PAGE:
Alex plods slowly home from school. In his hands, the seven-year-old redhead carries a report card, which must be signed by a parent. On it is a stain - an F in spelling.
"Here, Mom," he says, eyes dropping as he hands over the unfortunate piece of paper. He cannot stand to face her, to confront her sadness and disappointment.
"Oh, Alex," she murmurs, "wait until your father sees this report card."
It is not a long wait in ticks of the clock, but to Alex it is an age. It was hard enough to watch the look on his mother's face. How can be bear his father's letdown?
"Dad, I'm sorry," is all he can think of to say.
"Come with me," says his father, not angry, not even disappointed, but firm. "Come on," he repeats, and Alex follows him up the stairs to the attic.
In the fading light of the afternoon, his father shuffles through loose papers and pictures in an old trunk. Alex waits, scarcely breathing. The lump that has formed in his throat throbs.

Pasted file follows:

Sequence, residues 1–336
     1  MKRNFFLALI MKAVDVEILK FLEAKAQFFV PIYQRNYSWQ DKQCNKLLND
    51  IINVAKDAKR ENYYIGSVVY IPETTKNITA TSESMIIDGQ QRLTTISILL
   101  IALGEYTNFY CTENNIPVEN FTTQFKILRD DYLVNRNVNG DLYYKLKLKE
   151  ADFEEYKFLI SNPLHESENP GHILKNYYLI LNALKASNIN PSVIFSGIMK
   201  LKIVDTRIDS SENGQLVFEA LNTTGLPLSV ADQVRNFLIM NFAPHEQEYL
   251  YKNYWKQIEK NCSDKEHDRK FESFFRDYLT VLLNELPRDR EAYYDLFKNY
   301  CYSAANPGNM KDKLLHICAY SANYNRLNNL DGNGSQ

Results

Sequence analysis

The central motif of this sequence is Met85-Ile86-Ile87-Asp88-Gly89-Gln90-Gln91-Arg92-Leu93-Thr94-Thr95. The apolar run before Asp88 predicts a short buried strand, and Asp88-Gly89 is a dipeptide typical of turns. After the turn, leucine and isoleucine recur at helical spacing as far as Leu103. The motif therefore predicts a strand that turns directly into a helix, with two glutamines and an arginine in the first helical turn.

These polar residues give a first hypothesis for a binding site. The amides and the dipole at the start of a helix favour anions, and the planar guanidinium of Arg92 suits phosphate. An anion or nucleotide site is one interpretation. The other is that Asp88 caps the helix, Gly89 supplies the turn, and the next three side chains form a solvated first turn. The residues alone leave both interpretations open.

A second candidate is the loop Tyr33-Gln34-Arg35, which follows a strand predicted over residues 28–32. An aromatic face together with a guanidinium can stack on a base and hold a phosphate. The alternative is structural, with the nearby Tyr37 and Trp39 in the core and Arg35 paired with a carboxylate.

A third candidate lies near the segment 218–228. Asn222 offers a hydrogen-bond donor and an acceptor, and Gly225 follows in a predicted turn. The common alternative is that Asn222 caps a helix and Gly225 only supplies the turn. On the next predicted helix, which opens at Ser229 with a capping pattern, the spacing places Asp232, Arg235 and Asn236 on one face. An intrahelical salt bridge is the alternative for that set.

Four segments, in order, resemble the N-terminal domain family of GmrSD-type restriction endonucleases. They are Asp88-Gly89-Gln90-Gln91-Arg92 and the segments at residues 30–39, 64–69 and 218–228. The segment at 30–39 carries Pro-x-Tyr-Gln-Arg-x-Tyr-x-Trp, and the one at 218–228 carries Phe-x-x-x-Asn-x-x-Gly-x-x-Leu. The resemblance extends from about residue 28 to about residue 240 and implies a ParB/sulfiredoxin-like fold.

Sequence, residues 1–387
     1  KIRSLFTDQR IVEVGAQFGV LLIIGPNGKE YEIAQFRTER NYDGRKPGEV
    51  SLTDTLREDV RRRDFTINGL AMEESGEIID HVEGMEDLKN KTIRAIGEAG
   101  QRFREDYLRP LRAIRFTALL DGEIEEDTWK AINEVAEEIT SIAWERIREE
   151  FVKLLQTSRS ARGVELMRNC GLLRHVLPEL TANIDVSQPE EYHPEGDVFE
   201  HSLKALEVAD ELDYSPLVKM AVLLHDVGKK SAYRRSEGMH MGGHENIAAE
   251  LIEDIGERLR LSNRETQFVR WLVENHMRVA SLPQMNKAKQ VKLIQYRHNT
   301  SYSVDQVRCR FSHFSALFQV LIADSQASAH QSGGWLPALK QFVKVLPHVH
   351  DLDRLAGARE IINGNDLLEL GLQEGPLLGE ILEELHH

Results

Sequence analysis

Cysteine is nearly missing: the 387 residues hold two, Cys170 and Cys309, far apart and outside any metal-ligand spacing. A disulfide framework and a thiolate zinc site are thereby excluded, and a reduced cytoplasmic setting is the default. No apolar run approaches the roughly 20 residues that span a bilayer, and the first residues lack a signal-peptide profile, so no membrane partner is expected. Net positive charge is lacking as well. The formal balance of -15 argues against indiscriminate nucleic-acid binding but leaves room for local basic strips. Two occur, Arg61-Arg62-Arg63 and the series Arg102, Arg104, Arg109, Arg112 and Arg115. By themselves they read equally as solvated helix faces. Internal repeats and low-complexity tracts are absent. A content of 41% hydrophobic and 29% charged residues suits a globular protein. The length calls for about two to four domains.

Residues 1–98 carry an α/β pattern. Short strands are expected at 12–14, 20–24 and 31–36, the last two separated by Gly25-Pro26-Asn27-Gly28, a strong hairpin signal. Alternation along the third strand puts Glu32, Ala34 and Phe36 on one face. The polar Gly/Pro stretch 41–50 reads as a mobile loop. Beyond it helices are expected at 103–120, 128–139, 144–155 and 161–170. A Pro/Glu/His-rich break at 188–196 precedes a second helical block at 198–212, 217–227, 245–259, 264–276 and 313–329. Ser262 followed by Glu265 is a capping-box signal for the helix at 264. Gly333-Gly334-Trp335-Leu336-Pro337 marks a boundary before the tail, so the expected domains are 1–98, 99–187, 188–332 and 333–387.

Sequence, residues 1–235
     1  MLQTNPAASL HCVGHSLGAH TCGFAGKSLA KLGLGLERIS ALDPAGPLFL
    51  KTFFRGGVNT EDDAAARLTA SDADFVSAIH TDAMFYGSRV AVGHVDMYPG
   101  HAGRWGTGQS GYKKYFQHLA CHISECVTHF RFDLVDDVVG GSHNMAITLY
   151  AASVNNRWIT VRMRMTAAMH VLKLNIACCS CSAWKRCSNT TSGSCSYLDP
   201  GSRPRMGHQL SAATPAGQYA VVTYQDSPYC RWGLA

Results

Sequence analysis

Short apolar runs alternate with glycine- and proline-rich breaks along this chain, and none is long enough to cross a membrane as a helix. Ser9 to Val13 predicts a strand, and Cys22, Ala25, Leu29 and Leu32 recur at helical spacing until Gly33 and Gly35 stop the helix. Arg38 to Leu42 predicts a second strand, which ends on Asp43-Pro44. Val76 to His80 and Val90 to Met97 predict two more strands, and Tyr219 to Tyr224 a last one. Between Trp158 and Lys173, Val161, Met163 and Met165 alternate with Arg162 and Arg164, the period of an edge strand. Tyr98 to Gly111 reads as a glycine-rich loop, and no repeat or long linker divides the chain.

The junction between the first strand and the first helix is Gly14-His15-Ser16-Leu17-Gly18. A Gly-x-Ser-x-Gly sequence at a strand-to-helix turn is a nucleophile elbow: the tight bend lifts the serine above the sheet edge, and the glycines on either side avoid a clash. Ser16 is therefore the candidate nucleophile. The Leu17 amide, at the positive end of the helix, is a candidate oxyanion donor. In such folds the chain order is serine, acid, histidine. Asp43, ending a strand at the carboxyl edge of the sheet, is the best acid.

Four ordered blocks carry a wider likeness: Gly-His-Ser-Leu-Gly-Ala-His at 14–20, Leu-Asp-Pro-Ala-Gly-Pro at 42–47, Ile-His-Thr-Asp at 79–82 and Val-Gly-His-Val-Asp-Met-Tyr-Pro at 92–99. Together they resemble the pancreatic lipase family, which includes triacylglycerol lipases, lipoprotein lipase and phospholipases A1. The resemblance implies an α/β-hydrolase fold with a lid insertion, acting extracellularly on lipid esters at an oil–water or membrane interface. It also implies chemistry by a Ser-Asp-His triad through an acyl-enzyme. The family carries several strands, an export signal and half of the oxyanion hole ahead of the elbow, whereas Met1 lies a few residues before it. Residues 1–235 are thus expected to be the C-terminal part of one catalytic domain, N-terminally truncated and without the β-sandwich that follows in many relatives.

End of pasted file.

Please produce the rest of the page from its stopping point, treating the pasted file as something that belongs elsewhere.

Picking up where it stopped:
At length, his father draws a yellowed report card, his own from years ago, from the trunk. Alex stares at it in disbelief, for it, too, bears the same awful mark.
"Wow! It happened to you, too?" The lump in his throat eases its ache, and Alex suddenly feels light again.
"Just once," his father says, giving Alex a pat on his head.
"And just once for me," Alex vows silently. In the glow of his father's understanding, there is no need for spoken promises.